Facing a federal fraud investigation, the former head of the powerful Massachusetts State Police union has retired as a trooper after more than 30 years on the job, marking the latest departure from an agency battered by scandal and controversy in the past year.
Dana Pullman retired from his $91,000-a-year position effective Nov. 2, according to department spokesman David Procopio.
Pullman departed just weeks after he resigned as the union president amid a federal probe into alleged financial wrongdoing at the State Police Association of Massachusetts, the union representing about 1,900 troopers and sergeants of the 2,150-member law enforcement agency.
His attorney, Martin G. Weinberg, said Pullman’s “retirement was in no way a response to any ongoing investigation.”
“He worked tirelessly and successfully as the leader of SPAM and is confident that any investigation will compellingly demonstrate that he has not violated any legal obligation,” Weinberg said.
With Pullman at the helm, the union known as SPAM increased its clout on Beacon Hill, where he cut a passionate and at times pugnacious figure. He led the union for six years and was its treasurer for several years before that.
This summer, a probe was launched into whether the union reimbursed its board members for political donations. In September, Pullman, through the union’s attorney, denied any wrongdoing in connection with the union’s campaign donations.
The federal investigation has expanded in recent months to a wide-ranging look into possible malfeasance by Pullman and other union leaders, as well as a review of an associated nonprofit fund that benefits law enforcement officers and their families, the Globe reported earlier this month.
Investigators are trying to determine whether Pullman financed a lavish personal lifestyle on the union’s dime, spending tens of thousands of dollars on expensive restaurants and a fully equipped $70,000 Chevy Suburban, the Globe reported. Pullman was paid $71,000 annually as union president, in addition to his trooper salary.
Pullman’s retirement from the department was first reported Wednesday by WCVB-TV.
FBI and IRS agents have been looking at the union’s financial records, including documents related to millions of dollars in revenue and assets that Pullman alone had access to, one person with direct knowledge told the Globe.
Federal investigators have also subpoenaed records of the Pullman Brothers Family Foundation, a nonprofit run by Pullman’s wife, which raises money for sick children. And investigators have asked about the SPAM Benevolent Fund, a charity that gives scholarships and grants to first responders and their families, the Globe reported.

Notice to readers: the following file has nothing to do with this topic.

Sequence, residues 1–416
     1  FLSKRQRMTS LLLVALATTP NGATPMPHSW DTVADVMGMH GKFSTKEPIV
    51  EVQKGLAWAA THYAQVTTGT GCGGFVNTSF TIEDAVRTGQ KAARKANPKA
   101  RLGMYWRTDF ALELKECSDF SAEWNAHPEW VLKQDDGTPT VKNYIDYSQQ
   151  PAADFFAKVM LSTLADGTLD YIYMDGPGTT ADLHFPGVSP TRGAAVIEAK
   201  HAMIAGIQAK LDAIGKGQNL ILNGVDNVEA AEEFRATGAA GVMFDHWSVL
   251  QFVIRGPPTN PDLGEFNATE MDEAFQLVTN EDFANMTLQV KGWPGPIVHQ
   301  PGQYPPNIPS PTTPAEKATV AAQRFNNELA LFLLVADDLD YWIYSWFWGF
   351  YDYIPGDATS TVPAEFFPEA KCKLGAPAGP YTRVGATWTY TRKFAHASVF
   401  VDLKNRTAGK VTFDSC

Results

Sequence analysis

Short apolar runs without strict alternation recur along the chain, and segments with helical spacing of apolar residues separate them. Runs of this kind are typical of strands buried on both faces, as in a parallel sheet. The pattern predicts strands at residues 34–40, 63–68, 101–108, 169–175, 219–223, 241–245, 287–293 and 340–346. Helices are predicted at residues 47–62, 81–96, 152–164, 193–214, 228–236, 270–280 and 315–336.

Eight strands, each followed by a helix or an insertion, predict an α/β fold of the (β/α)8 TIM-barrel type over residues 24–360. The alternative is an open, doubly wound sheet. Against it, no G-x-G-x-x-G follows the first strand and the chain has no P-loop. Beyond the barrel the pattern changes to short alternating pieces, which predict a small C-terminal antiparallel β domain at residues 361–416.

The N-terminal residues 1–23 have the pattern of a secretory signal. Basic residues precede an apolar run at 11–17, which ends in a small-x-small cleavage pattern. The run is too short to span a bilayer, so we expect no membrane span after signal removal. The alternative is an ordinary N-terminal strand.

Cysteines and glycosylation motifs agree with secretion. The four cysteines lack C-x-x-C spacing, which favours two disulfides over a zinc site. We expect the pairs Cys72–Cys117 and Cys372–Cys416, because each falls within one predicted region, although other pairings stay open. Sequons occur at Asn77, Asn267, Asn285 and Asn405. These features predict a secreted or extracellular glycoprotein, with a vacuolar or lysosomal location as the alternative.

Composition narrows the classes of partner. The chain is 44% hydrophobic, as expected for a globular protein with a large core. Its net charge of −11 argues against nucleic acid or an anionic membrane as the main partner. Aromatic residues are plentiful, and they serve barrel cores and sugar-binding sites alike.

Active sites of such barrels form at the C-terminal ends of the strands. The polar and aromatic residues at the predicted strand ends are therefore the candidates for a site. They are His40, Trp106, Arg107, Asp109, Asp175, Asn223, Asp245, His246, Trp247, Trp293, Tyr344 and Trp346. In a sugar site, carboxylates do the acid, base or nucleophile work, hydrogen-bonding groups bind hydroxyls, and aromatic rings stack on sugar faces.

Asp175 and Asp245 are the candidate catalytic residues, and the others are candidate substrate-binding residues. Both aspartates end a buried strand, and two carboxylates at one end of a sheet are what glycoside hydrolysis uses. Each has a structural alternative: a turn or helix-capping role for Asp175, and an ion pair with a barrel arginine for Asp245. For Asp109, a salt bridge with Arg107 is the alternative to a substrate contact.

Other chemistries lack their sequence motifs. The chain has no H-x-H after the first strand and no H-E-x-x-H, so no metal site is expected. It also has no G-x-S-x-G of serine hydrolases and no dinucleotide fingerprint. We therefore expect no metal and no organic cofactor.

Separately, the State Police department recently launched an internal investigation of union members, alleging some used a taxpayer-funded time-off benefit afforded to union members for illegitimate purposes. The department also moved to halt some longstanding union benefits, triggering a legal skirmish between the two sides.
On the same day that Pullman resigned from his job as union president in September, State Police Colonel Kerry Gilpin announced the department would no longer allow the union president and one other union official to receive full trooper’s pay while they worked full time for the union. She said the practice conflicted with state law.
The State Police department has faced public outcry about a series of scandals that surfaced during the past year, including ongoing federal and state criminal probes into troopers allegedly collecting pay for hours they never worked.
Nine current and former troopers face charges in ongoing federal and state criminal investigations into overtime fraud. Five of the nine have pleaded guilty, while the rest have pleaded not guilty.
When Pullman stepped down from his union post, he cited “personal reasons.”
Messages left with Governor Charlie Baker’s office and the State Police union that Pullman formerly headed were not immediately returned late Wednesday afternoon. Procopio, the State Police spokesman, declined to comment beyond confirming Pullman’s retirement.
Pullman applied for retirement benefits in a document dated Nov. 2, according to records provided by the state retirement board. But it was not clear what amount he will collect for a pension.
Messages left with Massachusetts Treasurer Deborah B. Goldberg’s office, which oversees the retirement board, were not immediately returned late Wednesday afternoon.Andrea Estes of the Globe staff contributed to this report. Matt Rocheleau can be reached at firstname.lastname@example.org. Follow him on Twitter @mrochele.